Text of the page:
How do people respond to ‘signals’ regarding their health and well-being?
Some people will refuse to respond, such as these smokers I saw outside a hospital a few days ago (where I was visiting my daughter, thankfully now discharged after a nasty infection; not coronavirus).
There is a large sign ‘Strictly No Smoking’, that is routinely ignored.
And what of people who read Richard Littlejohn and others, for years in the Daily Mail, Daily Telegraph, The Spectator, etc., railing against the ‘nanny state’ or ‘elf and safety’ ?
Large swathes of people are effectively inoculated against alarm, and will not respond to signals, even if a megaphone was put to their ear.
These are the super-spreaders of denial and complacency.
I am not talking here of professional dissemblers in the climate realm who make their living trying to undermine the scientific consensus. Those who write opinion pieces claiming, wrongly:
- more CO2 is good for us because plants will flourish (Matt Ridley);
- or claiming ocean acidification is non-existent (James Delingpole);
- or that it’s the sun’s fault (Piers Corbyn);
- or that we are about to enter an ice age (Daily Mail and Daily Telegraph every 6 months for the last 10 years) .
Like stories of Lord Lucan sightings, these lazy opinion formers simply dust off the old rubbish to serve it up again, and again. Year in year out. It pays the mortgage I suppose. And when they tell people what they want to hear – that we can carry on regardless – there is no shortage of chortling readers. Ha ha ha. How very funny, poking fun at the experts.
No, I am not talking about these dissemblers, but rather, the mass of those who have been reading this rubbish for 30 years and are now impervious to evidence and scornful of experts.
And there is an epidemic of such people, who believe
no need to be alarmed, staying calm and carrying on regardless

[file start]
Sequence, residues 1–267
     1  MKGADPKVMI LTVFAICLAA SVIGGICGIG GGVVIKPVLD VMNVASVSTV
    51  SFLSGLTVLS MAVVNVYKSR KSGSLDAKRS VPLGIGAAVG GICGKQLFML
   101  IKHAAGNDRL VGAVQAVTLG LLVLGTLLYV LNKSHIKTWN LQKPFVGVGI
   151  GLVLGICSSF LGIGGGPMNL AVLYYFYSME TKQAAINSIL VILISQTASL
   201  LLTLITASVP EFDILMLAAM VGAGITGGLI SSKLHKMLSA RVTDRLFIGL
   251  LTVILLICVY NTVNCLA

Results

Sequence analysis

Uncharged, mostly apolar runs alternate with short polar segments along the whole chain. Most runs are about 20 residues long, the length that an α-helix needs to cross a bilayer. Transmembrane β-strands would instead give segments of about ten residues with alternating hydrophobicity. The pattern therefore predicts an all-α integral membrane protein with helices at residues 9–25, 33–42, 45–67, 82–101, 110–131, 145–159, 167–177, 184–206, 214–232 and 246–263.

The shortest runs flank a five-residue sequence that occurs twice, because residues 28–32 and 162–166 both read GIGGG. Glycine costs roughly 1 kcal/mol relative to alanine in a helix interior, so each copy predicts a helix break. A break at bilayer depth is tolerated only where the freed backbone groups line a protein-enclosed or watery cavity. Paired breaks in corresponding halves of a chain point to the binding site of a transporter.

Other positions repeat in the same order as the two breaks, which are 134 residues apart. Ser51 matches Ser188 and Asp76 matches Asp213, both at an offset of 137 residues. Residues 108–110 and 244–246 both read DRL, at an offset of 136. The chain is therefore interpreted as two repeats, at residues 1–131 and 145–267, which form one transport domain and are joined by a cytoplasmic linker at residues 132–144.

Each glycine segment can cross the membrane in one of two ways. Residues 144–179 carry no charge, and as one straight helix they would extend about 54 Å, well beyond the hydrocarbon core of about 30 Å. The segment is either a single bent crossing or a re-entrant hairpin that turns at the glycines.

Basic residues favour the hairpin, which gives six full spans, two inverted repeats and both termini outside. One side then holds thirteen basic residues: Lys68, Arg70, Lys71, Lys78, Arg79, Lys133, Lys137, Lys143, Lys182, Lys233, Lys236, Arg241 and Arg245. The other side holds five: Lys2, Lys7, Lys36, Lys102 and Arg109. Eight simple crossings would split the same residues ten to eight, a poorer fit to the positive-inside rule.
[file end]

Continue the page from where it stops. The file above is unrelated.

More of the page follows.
It is not just health or climate change, but is applied universally. For example, the Millennium Bug was apparently overblown according to these people (having seen the code that needed fixing, I can assure you, it wasn’t).
However, those who deal with addressing threats are in a no-win situation: if they act and prevent the worst happening, then people – who are largely unaware of what is being done behind the scenes – will say ‘you see, it wasn’t a problem’. If they didn’t act, then guess who would get the blame.
Yet when people do raise the alarm, such as when parents wrote letters complaining of the risks of the vast colliery tip adjacent to the Welsh town of Aberfan, they are often brushed off, and the result was a disaster that lives on in our memory (see Note).
Now we have the Covid-19 virus.
It is no surprise that there have been many saying that people are being unnecessarily alarmed; and the message is the same – we should ‘Keep Calm and Carry On’.
It’s just like seasonal flu, don’t worry. It will disappear soon enough.
These are often the same people who rail against ‘climate alarmism’.
Man-made global heating will be orders of magnitude worse than Covid-19, across every aspect of society – food security, sea-level rise, eco-system collapse, mass migration, heat stress, etc. – and over a longer timescale but with increasing frequency of episodic shocks, of increasing intensity.
Unlike Covid-19, there will be no herd immunity to climate change.
But we have the ability to halt its worst impacts, if we act with urgency.
We cannot quarantine the super-spreaders of denial and complacency, but we can confront them and reject their message.
I wonder, as the mood seems to be changing, and experts are now back in fashion it seems, could this be a turning point for action on climate change?
Can we all now listen to the experts on climate change?
Can we Keep Calm, but Take Action?
(c) Richard W. Erskine, 2020
There was a collapse of part of the massive colliery spoil tip at 0915 on 21st October 1966 The main building hit was Pantglas Junior School, where lessons had just begun. Five teachers and 109 children were killed in the school.
As one example of numerous correspondence prior to this, raising concerns, was a petition from parents of children at The Grove school raising the issue of flooding undermining the tip. This was passed up through the bureaucracy, but a combination of the Borough Council and National Coal Board failed to act. As the official report noted in unusually strong words:
“As we shall hereafter see to make clear, our strong and unanimous view is that the Aberfan disaster could and should have been prevented. … the Report which follows tells not of wickedness but of ignorance, ineptitude and a failure in communications. Ignorance on the part of those charged at all levels with the siting, control and daily management of tips; bungling ineptitude on the part of those who had the duty of supervising and directing them; and failure on the part of those having knowledge of the factors which affect tip safety to communicate that knowledge and to see that it was applied” (bullet 18., page 13)
1966-67 (553) Report of the tribunal appointed to inquire into the disaster at Aberfan on October 21st, 1966